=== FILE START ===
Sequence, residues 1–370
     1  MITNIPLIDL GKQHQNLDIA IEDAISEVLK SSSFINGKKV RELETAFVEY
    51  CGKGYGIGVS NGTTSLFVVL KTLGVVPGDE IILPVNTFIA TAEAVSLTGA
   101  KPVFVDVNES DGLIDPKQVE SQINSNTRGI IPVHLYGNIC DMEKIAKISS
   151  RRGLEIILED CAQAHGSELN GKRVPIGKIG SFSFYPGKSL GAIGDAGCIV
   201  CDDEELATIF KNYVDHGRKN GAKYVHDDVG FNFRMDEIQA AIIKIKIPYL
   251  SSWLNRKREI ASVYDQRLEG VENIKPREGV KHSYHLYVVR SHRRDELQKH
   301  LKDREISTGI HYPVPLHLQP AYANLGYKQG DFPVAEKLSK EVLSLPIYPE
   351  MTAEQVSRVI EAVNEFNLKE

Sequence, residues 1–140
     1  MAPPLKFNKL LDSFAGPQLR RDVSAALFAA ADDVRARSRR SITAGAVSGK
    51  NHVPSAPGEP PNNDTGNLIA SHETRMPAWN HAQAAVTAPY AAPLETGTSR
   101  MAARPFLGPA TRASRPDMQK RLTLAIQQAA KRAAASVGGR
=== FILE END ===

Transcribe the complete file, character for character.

Sequence, residues 1–370
     1  MITNIPLIDL GKQHQNLDIA IEDAISEVLK SSSFINGKKV RELETAFVEY
    51  CGKGYGIGVS NGTTSLFVVL KTLGVVPGDE IILPVNTFIA TAEAVSLTGA
   101  KPVFVDVNES DGLIDPKQVE SQINSNTRGI IPVHLYGNIC DMEKIAKISS
   151  RRGLEIILED CAQAHGSELN GKRVPIGKIG SFSFYPGKSL GAIGDAGCIV
   201  CDDEELATIF KNYVDHGRKN GAKYVHDDVG FNFRMDEIQA AIIKIKIPYL
   251  SSWLNRKREI ASVYDQRLEG VENIKPREGV KHSYHLYVVR SHRRDELQKH
   301  LKDREISTGI HYPVPLHLQP AYANLGYKQG DFPVAEKLSK EVLSLPIYPE
   351  MTAEQVSRVI EAVNEFNLKE

Sequence, residues 1–140
     1  MAPPLKFNKL LDSFAGPQLR RDVSAALFAA ADDVRARSRR SITAGAVSGK
    51  NHVPSAPGEP PNNDTGNLIA SHETRMPAWN HAQAAVTAPY AAPLETGTSR
   101  MAARPFLGPA TRASRPDMQK RLTLAIQQAA KRAAASVGGR